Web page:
The Sky In January 2024 – By Dee Sharples

Poster’s Note: The text for this month’s installment from Dee Sharples, “The Sky In January 2024,” is provided below. Those wishing to listen to the article can click on the audio link below.

On January 2, the Earth will be at perihelion, its closest point to the Sun for the entire year. It will be 3% closer to the Sun at 91.4 million miles than at aphelion in July when it will reach its farthest point of 94.5 million miles away. Contrary to what some people think, it’s not the closeness to the Sun which determines Earth’s seasons but the tilted axis of our planet. During the year as the Earth circles the Sun, different areas of our planet receive the Sun’s most direct rays. When the Earth’s North Pole tilts toward the Sun, the Northern Hemisphere experiences summer. Six months later when the South Pole tilts toward the Sun, we get less direct rays for a shorter time and experience winter here in the Rochester area.

The Moon is an important character in several beautiful sights in the early morning and evening sky in January.

January 8: Before the Sun rises, look to the southeast to see the crescent Moon close to Antares, the red-hued and brightest star in the constellation Scorpius. The planet Venus, brilliant at magnitude -4.0, can be easily seen to the upper left.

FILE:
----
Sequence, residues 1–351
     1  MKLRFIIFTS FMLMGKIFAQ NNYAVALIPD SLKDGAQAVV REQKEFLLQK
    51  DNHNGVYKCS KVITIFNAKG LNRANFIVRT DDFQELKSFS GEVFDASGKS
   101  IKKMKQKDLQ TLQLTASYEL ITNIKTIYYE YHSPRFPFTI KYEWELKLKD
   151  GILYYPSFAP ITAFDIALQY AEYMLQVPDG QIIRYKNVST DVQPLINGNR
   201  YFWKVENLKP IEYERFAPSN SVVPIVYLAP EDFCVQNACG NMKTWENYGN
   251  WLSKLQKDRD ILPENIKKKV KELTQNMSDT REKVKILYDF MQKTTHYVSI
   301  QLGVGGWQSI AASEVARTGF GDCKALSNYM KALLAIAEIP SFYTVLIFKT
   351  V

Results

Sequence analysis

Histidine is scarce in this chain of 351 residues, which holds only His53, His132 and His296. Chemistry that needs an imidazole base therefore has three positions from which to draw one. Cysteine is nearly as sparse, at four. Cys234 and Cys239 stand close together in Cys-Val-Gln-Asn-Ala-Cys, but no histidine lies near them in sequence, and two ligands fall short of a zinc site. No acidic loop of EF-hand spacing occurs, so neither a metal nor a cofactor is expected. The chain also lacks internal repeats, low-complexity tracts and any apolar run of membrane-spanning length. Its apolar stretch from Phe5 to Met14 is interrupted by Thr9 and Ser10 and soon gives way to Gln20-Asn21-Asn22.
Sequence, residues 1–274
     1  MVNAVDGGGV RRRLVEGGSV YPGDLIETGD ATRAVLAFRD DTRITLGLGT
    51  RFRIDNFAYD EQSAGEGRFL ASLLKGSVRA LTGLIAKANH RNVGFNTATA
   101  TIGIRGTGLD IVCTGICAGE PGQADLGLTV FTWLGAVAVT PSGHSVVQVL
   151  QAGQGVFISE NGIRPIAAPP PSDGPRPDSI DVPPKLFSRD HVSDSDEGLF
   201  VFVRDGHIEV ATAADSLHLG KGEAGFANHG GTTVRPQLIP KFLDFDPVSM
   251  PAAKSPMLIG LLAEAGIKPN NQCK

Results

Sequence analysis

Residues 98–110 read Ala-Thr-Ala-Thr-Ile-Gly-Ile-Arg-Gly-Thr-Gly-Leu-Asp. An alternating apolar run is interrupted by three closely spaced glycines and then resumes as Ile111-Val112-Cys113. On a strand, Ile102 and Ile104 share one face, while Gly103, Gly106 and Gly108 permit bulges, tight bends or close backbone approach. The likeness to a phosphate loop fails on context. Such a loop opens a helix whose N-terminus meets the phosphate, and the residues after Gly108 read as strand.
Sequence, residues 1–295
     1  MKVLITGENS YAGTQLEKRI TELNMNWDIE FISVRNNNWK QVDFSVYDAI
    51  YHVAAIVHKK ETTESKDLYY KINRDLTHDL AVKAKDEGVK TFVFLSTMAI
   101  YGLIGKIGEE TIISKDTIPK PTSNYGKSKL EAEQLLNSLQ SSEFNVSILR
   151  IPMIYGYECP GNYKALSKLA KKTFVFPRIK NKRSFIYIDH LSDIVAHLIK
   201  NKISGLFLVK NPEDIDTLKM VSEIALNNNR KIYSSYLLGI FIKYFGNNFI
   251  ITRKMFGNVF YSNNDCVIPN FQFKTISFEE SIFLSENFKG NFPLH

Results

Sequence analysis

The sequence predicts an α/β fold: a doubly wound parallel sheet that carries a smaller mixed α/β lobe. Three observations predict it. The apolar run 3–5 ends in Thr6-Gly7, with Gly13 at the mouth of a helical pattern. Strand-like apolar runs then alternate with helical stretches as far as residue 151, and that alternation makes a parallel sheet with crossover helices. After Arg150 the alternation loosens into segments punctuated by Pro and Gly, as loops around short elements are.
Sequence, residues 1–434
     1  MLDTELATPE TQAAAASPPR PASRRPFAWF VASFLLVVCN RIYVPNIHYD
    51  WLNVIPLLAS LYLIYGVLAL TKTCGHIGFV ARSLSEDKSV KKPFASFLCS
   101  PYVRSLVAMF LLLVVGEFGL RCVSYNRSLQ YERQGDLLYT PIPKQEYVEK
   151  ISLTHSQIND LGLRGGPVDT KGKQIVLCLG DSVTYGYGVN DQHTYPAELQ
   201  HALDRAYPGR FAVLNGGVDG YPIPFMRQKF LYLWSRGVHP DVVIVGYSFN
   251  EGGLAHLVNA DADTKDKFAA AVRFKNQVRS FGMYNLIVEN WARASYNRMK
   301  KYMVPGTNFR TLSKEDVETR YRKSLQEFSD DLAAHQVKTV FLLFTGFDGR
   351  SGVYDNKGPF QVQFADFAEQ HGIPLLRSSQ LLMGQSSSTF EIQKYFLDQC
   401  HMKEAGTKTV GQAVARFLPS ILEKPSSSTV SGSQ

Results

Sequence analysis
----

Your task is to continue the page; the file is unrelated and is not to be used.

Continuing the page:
January 9: A crescent Moon, Venus, and the planet Mercury form a triangle just above the southeastern horizon before dawn.

January 14: As the Sun sets, a waxing crescent Moon can be found to the upper left of Saturn dimly shining at magnitude 0.98 in the southwest.

January 18: At dusk look high in the southern sky for the first quarter Moon about 3° to the upper left of bright Jupiter shining at magnitude -2.5.

January 20: As the Sun sets, face southeast to see a waxing gibbous Moon shining 5° to the lower left of the Pleiades, a lovely asterism and open star cluster, commonly known as the Seven Sisters. Use binoculars to enhance the beauty of the stars that form the Pleiades.

January 25-27: An almost full Moon has a main role in a drama starring the constellation Leo the Lion. Look east around 8:00 p.m. on all three evenings.

For any outside observing this month, dress in layers to stay warm. It is January!

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